Twenty Critical Questions for BLM Founders
As flames, tear gas, and rifle-fire convulsed American cities, New Yorker reporter Isaac Chotiner sat down with Black Lives Matters co-founder Opal Tometi for an upbeat and uncritical interview. I have twenty less softball-ish questions I’d like to ask Ms. Tometi and her co-founders Patrisse Cullors and Alicia Garza, if they can spare the time.
1. Some say Black Lives Matter adopted that name to emphasize the neglected value of African-Americans, not to disparage anyone else. On the other hand, your Toronto co-founder, Yusra Khogali, wrote: “Whiteness is not humxnness. In fact, white skin is sub-human,” because people who lack sufficient epidermial melanin are defective in both mind and body. Which is it?
2. Thousands of people have been injured in riots over the past two weeks, including hundreds of police officers. Do the lives of black police officers like David Dorn and Patrick Underwood, who were killed, matter? How about the bodies of those injured of all races?
3. Ms. Cullors, according to ABC, you said you are “absolutely and always pushing peace.” That sounds encouraging. But you blame the police entirely for “escalating” the violence, and say nothing about numerous attacks not only on the police, but on private citizens, many of whom have died, been injured, or lost their businesses, over the past weeks. What do you say to those who are, in fact, manifestly using violence within the movement you help lead?
Yes, Black Lives Matter
4. For Christian black leaders like Martin Luther King, all human lives mattered because we were made in the image of God, or because Christ died for us. As an “atheist or non-denominational” movement, as one of you put it, on what fundamental principal is the value of at least some human lives based?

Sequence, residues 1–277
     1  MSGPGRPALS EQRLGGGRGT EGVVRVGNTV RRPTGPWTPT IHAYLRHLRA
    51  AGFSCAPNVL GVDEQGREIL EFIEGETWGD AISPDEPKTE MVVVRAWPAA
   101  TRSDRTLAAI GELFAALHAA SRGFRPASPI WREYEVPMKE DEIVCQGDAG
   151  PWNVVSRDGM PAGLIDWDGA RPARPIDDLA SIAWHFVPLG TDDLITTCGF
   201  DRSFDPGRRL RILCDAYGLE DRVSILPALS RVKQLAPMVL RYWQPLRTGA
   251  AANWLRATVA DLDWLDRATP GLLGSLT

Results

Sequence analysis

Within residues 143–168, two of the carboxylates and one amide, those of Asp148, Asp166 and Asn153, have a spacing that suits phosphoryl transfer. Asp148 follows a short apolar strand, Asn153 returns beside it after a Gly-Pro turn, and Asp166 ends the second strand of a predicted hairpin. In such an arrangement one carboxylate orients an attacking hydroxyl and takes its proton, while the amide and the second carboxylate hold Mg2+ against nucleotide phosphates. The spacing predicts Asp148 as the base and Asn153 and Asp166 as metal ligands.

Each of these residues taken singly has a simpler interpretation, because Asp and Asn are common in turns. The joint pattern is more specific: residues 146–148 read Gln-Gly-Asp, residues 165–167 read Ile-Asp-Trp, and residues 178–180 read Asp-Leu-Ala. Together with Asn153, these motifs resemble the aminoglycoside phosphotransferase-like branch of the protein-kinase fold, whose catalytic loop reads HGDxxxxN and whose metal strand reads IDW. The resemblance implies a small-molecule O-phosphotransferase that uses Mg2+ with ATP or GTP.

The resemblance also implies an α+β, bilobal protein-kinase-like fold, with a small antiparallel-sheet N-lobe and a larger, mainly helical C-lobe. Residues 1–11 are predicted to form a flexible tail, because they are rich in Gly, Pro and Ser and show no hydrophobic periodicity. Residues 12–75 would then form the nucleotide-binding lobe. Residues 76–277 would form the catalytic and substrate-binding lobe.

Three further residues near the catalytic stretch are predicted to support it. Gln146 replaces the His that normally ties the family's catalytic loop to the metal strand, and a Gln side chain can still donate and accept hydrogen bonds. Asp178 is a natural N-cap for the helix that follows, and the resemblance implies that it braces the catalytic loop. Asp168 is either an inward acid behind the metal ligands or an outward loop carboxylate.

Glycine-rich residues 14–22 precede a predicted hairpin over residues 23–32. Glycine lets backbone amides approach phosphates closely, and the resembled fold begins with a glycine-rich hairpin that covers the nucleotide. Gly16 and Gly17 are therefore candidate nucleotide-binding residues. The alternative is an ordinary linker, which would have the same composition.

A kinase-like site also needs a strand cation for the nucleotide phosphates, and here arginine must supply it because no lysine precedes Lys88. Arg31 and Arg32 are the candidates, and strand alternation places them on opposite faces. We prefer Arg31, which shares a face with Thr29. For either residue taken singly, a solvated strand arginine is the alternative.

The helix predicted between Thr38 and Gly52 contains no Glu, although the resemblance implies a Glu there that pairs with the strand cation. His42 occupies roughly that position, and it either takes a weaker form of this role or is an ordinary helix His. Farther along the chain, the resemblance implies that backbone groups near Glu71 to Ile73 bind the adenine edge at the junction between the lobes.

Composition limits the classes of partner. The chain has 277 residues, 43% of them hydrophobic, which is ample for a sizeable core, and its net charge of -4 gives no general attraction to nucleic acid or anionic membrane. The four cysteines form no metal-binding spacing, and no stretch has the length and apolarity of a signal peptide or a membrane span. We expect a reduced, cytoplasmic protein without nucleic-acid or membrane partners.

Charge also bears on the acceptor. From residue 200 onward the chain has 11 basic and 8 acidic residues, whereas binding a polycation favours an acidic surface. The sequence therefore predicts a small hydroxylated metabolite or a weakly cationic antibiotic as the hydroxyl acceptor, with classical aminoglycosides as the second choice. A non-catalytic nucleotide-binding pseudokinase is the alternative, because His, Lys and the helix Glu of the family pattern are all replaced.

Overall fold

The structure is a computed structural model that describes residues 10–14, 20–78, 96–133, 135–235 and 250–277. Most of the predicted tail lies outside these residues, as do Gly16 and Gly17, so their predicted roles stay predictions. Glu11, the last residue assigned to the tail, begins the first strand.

5. Having subbed in numerous public school classrooms, I have found that the broad contributions of African Americans to our society are strongly and rightly emphasized. What major politicians, sports figures, CEOs or other figures in American society have said that black lives don’t matter? What reputable poll shows that a significant percentage of Americans deny that value?
6. In the case that brought Black Lives Matters into prominence, Michael Brown assaulted Missouri police officer Darren Wilson and attempted to wrest his gun away, as both a biracial grand jury and the Department of Justice under Barack Obama determined. Do you still maintain that Brown raised his hands and said “Don’t shoot?” despite the mounds of evidence they considered? On what grounds do you reject their conclusions?
7. The term “Ferguson Effect” came to describe and explain a sudden increase in murder rates following riots in that city. Murder rates had been dropping for decades, then suddenly began to spike immediately after those events. Did those deaths trouble you, or tempt you to change your narrative focusing exclusively on deaths caused by police?
8. Heather MacDonald argues that “No government policy in the past quarter century has done more for urban reclamation than proactive policing.” This, she claims, was largely responsible for the remarkable drop in murder in New York City and in cities around the country. She argues that as left-wing politicians dismantled “broken window” and other policies, and police have been reined in, America’s murder rate began to soar. The black Harvard economist Roland Fryer has confirmed the link between shaming of the police and a rise in crime rates. Is none of you worried what crop in pain and destruction of lives (of every color) the policies you advocate may be sowing?
Crime and Perspective
9. Chicago just set a 60-year record for murders in a single day, including high school and college students and working-class “stiffs.” The last weekend in May, already, at least 92 people were shot and 27 died. The police were busy manning your protests:
“On Saturday and particularly Sunday, I heard people saying all over, ‘Hey, there’s no police anywhere, police ain’t doing nothing,'” Rev. Michael Pfleger, who pastors St. Sabina Church in Auburn Gresham said. “I sat and watched a store looted for over an hour,” he added. “No police came. I got in my car and drove around to some other places getting looted [and] didn’t see police anywhere,” Pfleger said.